Chronic illness and behavior problems in children: Mediating and moderating influences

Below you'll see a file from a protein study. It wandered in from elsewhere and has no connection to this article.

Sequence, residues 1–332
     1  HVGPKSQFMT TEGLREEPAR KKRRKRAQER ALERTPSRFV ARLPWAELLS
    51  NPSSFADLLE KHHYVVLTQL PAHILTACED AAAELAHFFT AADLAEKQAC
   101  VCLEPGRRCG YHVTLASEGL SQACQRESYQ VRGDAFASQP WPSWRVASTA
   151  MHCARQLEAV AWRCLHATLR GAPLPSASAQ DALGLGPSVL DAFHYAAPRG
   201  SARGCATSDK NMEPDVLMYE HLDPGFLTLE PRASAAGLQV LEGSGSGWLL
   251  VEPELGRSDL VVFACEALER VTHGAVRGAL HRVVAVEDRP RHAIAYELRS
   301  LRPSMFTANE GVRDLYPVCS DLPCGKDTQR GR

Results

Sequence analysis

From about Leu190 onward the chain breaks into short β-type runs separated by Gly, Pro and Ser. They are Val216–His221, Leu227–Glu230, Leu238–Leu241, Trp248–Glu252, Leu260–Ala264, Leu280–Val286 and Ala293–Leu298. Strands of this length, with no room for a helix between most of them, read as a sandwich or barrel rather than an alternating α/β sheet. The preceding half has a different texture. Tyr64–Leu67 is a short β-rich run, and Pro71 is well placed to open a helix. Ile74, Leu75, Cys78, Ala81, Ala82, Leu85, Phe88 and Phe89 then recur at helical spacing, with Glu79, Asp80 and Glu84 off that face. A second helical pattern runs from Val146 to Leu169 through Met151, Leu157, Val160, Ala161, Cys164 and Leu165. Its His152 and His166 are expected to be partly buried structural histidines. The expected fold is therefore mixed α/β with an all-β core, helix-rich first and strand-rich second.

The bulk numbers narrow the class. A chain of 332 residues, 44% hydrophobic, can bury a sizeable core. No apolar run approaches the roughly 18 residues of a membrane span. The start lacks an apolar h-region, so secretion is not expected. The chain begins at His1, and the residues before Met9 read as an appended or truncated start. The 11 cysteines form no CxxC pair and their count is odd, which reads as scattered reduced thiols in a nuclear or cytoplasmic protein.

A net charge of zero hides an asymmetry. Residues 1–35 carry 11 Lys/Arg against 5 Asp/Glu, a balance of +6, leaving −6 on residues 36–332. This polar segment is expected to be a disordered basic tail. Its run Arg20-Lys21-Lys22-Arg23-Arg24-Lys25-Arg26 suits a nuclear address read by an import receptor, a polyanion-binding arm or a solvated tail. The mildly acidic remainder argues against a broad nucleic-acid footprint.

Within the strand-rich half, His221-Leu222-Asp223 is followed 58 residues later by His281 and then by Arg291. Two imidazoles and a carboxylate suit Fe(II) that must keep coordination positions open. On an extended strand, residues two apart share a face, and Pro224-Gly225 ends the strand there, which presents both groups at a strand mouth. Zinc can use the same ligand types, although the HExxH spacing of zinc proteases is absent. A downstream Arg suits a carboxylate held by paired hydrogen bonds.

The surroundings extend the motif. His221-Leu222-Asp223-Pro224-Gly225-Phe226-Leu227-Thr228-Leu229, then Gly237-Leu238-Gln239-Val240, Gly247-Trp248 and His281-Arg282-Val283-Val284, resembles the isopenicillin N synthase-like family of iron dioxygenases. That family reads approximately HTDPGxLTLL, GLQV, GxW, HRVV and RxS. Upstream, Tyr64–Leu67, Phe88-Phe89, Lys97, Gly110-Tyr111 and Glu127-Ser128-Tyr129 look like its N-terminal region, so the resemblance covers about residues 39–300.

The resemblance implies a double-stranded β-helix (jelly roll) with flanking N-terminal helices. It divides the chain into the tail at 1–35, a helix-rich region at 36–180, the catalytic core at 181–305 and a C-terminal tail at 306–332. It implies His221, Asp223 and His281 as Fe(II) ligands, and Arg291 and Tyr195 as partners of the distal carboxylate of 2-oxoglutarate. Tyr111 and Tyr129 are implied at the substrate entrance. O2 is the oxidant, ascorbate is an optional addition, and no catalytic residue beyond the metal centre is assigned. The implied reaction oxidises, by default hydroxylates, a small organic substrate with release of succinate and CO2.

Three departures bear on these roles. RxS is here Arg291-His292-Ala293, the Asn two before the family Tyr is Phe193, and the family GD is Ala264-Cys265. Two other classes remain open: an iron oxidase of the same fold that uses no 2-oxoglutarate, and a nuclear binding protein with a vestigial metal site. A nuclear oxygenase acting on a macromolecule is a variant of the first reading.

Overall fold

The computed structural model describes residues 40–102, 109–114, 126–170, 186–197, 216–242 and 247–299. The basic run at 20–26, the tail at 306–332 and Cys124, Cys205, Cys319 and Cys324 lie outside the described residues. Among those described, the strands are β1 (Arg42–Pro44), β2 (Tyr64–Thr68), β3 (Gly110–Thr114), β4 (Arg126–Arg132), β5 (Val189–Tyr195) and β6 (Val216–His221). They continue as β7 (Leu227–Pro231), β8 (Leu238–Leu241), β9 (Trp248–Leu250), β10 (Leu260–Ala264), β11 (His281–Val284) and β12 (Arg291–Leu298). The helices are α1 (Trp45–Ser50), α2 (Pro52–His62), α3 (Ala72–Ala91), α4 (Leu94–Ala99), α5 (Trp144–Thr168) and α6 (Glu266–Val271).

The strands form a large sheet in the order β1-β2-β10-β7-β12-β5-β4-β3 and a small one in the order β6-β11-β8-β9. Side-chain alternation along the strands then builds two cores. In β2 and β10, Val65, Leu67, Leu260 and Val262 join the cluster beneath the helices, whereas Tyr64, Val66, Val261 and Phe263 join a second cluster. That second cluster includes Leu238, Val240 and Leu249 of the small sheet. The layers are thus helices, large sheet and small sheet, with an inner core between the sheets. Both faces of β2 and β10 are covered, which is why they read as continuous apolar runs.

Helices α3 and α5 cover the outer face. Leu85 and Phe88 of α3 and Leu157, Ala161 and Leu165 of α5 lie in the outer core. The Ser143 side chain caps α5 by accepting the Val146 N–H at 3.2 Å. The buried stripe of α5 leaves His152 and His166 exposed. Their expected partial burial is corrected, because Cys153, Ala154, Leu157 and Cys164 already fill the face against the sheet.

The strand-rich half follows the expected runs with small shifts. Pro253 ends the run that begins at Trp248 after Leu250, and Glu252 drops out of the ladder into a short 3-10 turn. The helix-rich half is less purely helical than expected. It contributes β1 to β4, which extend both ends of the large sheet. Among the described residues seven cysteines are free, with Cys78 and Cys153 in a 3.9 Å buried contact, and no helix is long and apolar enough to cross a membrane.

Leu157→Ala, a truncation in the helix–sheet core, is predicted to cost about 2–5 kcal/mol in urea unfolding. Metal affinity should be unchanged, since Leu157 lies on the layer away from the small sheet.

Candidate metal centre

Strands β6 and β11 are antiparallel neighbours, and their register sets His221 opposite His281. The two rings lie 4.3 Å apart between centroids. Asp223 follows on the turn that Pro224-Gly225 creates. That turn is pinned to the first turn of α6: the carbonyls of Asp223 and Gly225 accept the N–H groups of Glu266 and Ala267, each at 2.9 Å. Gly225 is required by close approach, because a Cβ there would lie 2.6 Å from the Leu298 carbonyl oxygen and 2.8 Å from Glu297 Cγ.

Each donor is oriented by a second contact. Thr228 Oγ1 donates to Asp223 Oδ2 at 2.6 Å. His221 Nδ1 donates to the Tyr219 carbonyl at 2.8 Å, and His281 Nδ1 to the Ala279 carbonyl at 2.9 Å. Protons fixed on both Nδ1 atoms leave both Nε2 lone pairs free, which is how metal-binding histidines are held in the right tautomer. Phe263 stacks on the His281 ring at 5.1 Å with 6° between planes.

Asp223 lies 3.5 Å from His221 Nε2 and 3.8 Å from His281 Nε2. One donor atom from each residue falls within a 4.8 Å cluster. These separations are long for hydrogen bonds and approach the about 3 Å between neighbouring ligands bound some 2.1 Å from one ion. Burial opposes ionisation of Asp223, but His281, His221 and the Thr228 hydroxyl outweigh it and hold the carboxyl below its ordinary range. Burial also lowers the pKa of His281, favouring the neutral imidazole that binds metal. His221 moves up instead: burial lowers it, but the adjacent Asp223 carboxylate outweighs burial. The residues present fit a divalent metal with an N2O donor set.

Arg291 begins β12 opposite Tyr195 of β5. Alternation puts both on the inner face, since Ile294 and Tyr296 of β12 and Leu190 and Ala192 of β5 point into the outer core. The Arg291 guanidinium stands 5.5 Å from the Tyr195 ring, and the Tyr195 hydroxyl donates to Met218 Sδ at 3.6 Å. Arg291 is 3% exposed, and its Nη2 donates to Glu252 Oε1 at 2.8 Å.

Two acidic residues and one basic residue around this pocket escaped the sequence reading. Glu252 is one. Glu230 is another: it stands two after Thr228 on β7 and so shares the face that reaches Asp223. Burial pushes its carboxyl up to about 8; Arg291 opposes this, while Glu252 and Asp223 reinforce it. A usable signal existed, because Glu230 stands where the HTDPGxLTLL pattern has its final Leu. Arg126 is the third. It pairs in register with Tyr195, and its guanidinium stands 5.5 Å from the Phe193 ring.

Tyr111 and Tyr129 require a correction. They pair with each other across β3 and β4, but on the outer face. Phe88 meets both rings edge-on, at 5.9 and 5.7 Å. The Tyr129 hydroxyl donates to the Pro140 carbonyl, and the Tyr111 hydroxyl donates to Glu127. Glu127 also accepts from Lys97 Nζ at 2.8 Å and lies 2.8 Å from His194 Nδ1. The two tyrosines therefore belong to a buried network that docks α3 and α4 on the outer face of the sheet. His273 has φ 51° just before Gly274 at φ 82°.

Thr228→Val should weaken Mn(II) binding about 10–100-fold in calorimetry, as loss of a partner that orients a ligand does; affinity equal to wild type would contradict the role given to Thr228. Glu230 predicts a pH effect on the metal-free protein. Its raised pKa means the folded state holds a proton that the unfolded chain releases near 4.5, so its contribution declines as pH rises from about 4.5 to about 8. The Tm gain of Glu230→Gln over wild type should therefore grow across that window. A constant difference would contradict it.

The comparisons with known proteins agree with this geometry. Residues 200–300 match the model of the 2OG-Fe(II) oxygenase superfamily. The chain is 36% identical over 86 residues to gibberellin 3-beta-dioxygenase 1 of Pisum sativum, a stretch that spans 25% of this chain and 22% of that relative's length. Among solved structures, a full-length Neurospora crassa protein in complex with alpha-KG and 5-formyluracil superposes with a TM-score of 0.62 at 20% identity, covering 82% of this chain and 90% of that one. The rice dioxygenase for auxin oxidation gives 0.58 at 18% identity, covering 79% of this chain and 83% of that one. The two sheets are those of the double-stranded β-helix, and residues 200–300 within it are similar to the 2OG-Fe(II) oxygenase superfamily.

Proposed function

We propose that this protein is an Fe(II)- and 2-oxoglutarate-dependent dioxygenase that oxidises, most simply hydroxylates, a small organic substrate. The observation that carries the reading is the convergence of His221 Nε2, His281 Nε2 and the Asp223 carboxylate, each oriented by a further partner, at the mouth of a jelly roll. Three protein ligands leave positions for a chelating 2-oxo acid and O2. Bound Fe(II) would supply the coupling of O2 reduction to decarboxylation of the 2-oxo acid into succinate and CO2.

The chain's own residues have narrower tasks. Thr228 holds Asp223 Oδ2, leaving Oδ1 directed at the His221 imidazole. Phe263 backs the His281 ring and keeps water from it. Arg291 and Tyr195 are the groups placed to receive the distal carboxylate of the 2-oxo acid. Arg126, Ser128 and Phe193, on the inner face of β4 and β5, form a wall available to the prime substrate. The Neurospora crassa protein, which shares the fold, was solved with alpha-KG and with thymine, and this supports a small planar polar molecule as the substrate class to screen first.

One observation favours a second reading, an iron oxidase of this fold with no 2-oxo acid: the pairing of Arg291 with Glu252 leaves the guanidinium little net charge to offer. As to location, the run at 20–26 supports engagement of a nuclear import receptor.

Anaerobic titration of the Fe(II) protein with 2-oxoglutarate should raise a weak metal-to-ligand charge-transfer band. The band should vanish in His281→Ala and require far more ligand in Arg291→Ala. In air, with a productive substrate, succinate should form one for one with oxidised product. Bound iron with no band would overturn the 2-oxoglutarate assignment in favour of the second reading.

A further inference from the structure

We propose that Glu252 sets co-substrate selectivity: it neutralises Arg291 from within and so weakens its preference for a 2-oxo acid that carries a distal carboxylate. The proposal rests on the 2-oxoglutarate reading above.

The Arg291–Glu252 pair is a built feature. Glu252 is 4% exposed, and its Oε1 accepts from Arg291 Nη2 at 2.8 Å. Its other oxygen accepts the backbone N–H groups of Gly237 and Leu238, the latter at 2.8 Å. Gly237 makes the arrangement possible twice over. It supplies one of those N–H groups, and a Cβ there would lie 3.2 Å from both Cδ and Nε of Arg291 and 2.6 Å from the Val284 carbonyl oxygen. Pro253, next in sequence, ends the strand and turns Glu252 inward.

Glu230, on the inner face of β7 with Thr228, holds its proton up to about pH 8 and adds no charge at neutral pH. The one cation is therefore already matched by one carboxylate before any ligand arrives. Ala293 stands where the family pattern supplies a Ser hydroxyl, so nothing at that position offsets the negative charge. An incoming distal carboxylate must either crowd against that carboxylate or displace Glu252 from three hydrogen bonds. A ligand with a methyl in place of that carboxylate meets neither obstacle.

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Research indicates that children living with a chronic illness have a higher level of behavior problems than children not living with an illness. However, mediating factors must be examined in order to create a clearer picture of the influence of a chronic health condition on children. Therefore, this research examined the mediating influence of economic strain, child's health stress, parental psychological distress, and parenting behaviors on child behavior, as well as the moderating impact of social support on all previously mentioned variables. Structural equation modeling was used to model each of these relationships. Data came from responses to the Panel Study of Income Dynamics Child Development Supplement that included both children not living with an illness (n=806) and children living with a chronic illness (n=693) who were between the ages of 6 and 13 and their primary caregivers. The chronic illnesses included in the sample are anemia (n=120), asthma (n=157), diabetes (n=3), and chronic otitis media (n=522). Comorbidity was present with 102 children living with two illnesses and four children living with three illnesses. The findings indicate that the presence of a chronic illness has a relationship with higher levels of child behavior problems, but health stress and parental psychological distress contribute more to child behavior problems than the presence of illness. Social support was found to buffer the relationships between the presence of illness and economic strain and the presence of illness and health stress. Findings suggest that researchers, practitioners, and policymakers should focus on the alleviation of economic strain, health stress, and parental psychological distress because of their relationship with poorer parenting and higher levels of child behavior problems. Possible directions for future research were also discussed.